07 Jan Where to look when you measure your culture
“Organisational culture: a company’s prevailing values, attitudes, assumptions, and beliefs all make up the soft, invisible stuff of culture and determine its outlook — what it finds meaningful and important.” – Bruce M. Thorpe
Despite its complexity, you can’t afford to ignore the role of culture in business performance, safety, quality and production. Years of research prove the link between culture and organisational effectiveness, and a strong, value-driven corporate culture:
- Reduces uncertainty by creating a common way to interpret events and issues
- Creates order so members know what’s expected
- Brings continuity
- Provides common identity and unity of commitment
- Builds a vision of the future around which everyone can rally
Why measure in the first place?
It seems of little benefit to spend time diagnosing where you already are if you want to move away from it, but understanding your starting point in the change process is of primary importance. In fact, one of the main reasons why cultural change programmes fail is because they try to do too much in one go.
Understanding your present culture allows changes to be bought in at a reasonable pace, so they don’t unduly alienate people or create resistance.
Where to begin
During the assessment process, identify specific groups or departments who are already on board with your aspirational values and goals. These groups are useful benchmarks in the change process and provide positive examples for the rest of your organisation.
Understanding subculture is also very important if changes are to be implemented successfully, and the influence they have cannot be underestimated. Whilst core cultural elements from the corporate level will endure across all sites and locations, such as uniform, operating procedures and management policies, local variations in the way people work will also be in effect so these must be identified and understood if they are not to derail the change process.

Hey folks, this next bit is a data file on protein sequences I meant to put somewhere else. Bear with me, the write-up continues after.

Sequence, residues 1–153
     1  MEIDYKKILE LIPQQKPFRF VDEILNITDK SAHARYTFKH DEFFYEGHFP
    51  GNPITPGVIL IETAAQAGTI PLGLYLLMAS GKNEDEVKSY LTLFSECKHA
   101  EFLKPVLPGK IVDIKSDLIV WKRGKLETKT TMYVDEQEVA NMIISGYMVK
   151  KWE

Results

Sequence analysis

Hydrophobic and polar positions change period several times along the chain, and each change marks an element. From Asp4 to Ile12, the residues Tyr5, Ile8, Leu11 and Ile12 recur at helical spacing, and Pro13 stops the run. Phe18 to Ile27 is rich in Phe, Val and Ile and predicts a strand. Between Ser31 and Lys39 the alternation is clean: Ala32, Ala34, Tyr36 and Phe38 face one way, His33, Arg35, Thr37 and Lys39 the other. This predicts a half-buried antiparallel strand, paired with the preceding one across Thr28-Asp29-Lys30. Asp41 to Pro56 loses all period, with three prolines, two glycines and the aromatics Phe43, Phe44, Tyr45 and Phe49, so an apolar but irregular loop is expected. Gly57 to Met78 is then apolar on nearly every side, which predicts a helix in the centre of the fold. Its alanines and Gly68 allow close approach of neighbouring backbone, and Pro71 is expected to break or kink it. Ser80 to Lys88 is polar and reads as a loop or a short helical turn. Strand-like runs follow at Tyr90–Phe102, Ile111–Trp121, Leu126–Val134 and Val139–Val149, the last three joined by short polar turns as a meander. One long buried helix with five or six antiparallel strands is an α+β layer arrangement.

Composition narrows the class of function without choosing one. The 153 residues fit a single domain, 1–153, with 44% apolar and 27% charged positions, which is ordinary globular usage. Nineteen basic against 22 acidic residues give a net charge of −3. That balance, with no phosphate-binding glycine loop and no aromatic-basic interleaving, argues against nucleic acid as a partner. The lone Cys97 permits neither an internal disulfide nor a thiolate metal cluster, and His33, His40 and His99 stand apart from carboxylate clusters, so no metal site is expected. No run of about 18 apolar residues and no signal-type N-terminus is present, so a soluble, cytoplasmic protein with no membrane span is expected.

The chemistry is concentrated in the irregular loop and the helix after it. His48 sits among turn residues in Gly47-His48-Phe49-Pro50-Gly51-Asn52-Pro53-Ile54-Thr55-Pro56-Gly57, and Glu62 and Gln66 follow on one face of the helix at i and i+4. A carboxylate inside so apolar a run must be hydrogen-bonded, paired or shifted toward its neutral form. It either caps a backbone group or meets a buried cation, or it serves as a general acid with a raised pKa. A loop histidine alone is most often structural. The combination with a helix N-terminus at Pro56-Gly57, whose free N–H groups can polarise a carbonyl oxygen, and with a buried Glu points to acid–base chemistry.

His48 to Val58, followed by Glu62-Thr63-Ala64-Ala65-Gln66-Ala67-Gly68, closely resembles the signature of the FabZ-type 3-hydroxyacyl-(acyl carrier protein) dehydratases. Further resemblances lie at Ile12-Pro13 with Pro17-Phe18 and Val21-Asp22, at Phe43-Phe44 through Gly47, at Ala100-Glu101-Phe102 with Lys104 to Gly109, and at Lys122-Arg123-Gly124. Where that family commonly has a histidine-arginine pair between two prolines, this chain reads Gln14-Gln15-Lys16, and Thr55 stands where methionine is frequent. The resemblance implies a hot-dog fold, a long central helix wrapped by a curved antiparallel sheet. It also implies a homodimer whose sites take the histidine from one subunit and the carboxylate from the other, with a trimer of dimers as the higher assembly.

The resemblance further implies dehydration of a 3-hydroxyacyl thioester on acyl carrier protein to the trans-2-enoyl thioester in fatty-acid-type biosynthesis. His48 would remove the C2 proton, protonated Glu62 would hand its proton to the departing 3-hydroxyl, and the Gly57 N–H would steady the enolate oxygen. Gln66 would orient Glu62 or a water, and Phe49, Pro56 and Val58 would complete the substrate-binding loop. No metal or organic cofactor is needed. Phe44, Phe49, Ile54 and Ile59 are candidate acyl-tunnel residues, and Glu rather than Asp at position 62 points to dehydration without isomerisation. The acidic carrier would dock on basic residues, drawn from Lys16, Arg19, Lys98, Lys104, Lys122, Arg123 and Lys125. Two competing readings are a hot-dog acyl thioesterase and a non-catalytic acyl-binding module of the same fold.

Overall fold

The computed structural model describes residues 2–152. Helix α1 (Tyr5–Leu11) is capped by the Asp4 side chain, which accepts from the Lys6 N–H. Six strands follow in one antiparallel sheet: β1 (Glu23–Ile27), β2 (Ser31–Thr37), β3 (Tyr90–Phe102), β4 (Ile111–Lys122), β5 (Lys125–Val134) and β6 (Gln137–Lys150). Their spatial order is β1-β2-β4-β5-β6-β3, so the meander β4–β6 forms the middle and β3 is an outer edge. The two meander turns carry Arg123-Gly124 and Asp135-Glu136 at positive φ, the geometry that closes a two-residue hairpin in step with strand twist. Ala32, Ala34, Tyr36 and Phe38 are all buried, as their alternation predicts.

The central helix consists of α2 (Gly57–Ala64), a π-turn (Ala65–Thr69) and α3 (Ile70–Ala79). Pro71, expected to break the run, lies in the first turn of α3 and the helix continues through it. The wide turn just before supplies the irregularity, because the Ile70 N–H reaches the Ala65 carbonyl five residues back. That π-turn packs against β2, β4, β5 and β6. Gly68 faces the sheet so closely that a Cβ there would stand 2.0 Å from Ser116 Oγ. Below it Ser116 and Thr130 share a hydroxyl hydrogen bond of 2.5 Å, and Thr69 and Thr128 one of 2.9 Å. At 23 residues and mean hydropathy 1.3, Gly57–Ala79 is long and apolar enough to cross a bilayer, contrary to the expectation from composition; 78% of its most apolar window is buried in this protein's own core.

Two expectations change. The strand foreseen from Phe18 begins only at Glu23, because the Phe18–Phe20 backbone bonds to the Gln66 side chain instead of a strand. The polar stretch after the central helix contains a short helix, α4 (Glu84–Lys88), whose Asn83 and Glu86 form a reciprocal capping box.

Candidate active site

Focus groups are the key to successfully identifying specific, local differences between groups because they give people a chance to talk about the way they work and how they see things like safety or quality. Their perception of how things are and who has ownership of different aspects of the business will help explain how proactively they engage in making your business successful.
Don’t rush into it
Whether it’s safety or quality you need to improve, you must first decide what you want out of your assessment, who can give you that and where they work. Otherwise you might find yourself relying on guesswork and coming up with assumptions that throw you on the wrong path and put people off.
Running a culture assessment is a big investment in time and commitment. If things aren’t set up correctly at the start you can find yourself with more questions than answers. If you’re still not sure where to begin or your cultural assessment data is mounting up, then the new year’s a perfect time to start afresh (with a little help from the experts at JOMC!).